Who would you call with your last goodbye
Should be so careful who we left out of our lives
So when we long for absolution,
There'll be no one on the line, yeah
Kris didn't write it - an army of people did, it seems. He may have appreciated the sentiment as Christ (purportedly) did try to tell people to live this life to its fullest as tomorrow will take care of itself, etc.

But I contend that this song makes a good deal of sense in a non-theistic world-view, since this is all we got and we gotta start thinking
But I contend that this song makes a good deal of sense in a non-theistic world-view, since this is all we got and we gotta start thinking

It might. I've never heard it to be honest.

But Kris Allen is an evangelical Christian.
One things that did strike me a couple of years ago was when David Archuleta, the Mormon, sang John Lennon's Imagine. Randy asked him, and I quote: "Yo, Dawg, that was hot, baby! Just why did you leave out the first verse? (Imagine there's no heaven...)"

They cherry-pick the bible to turn it into something they like. Perhaps he just did the same with the song?

It's an oft-discussed subject on this site how some Theists, especially Christians and Mormons, can't even conceive that someone is Atheist, or at least someone they like or respect. To that end, I think a lot of Atheistic songs go over their heads.
Yep - it is a reflection of our society. However, if Jesus is driving your car - tell him to back off. (Jesus, take the wheeeelll...)

Did you notice that Carrie Underwood must have been advised to dump the silly Jesus jingles in favor of the vindictive, country bitch slut ... look at the progression of her songs and their themes.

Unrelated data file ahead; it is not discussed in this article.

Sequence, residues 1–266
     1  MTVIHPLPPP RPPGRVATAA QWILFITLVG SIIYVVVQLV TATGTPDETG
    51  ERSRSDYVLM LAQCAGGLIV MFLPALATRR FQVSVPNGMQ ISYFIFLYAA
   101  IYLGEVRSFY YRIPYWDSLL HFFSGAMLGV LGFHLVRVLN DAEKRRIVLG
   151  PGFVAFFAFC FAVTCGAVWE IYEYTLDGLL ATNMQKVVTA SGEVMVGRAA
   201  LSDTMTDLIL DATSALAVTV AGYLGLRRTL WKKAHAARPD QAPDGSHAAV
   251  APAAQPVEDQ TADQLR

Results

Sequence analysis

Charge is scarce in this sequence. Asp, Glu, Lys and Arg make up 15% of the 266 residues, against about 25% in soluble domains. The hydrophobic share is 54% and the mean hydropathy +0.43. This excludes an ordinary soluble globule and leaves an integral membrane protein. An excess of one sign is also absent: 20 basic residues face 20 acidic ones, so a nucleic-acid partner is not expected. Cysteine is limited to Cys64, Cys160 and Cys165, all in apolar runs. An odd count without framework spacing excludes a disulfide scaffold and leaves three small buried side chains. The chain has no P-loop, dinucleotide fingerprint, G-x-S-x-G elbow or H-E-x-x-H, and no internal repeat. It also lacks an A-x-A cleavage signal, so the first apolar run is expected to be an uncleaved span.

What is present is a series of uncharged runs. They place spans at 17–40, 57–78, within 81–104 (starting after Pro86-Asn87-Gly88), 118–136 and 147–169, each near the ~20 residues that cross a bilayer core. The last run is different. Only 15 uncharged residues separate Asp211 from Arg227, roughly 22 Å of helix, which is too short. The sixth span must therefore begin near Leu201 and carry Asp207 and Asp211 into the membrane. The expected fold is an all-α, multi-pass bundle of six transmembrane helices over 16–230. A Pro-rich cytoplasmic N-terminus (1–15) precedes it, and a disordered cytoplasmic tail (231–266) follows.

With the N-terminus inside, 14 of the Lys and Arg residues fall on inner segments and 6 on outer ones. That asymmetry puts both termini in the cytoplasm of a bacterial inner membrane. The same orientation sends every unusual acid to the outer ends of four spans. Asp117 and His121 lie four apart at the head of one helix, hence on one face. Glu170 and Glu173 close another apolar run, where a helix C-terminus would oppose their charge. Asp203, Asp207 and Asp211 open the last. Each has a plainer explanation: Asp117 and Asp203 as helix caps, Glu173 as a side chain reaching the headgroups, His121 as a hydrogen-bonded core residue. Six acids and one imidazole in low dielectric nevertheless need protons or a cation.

Yep - it is a reflection of our society. However, if Jesus is driving your car - tell him to back off. (Jesus, take the wheeeelll...)

As much faith as the god squad claims to have, I'm willing to bet few of them close their eyes on the highway, take their hands off the wheel, and trust Jesus to drive for them.

At least, I damn sure hope they don't.
Crap - Jo - Have you listened to that lyrics to "Hallelujah?"

I have. And beauty is in the eye of the beholder I suppose.

To which end, Adam Lambert, his voice, his look, his persona, are indeed the definition of 'beautiful!' He exemplifies why I put up with some of the cheesy crap of the show.
I stopped respecting you at "I have become hopelessly addicted to 'American Idol.'"

That show is the antithesis of free-thinking, in my opinion.
"I have become hopelessly addicted to 'American Idol.'" doesn't sound like an appeal for your respect. It makes a TV show analogous to a mind-numbing drug.

That show is the antithesis of free-thinking, in my opinion. Huhn? It's a frikkin' pop tv show diversion where evidence of talent does, in the end, have to be produced. You make it sound like dystopian organization such as, say, the Catholic Church. I think it has a long way to go before it because that much of an antithesis to free thought.
Howard, you figured me out. Shockingly, I was not appealing for the respect of any specific person. In fact, I was kind of hinting that I count "American Idol" as a somewhat embarrassing guilty pleasure that required some apology and qualification.

But I would endure every second of the shit it spews for those few moments of someone like Adam Lambert. Like you say, at least it's a show that ultimately produces some talent. Not a lot sometimes, but some.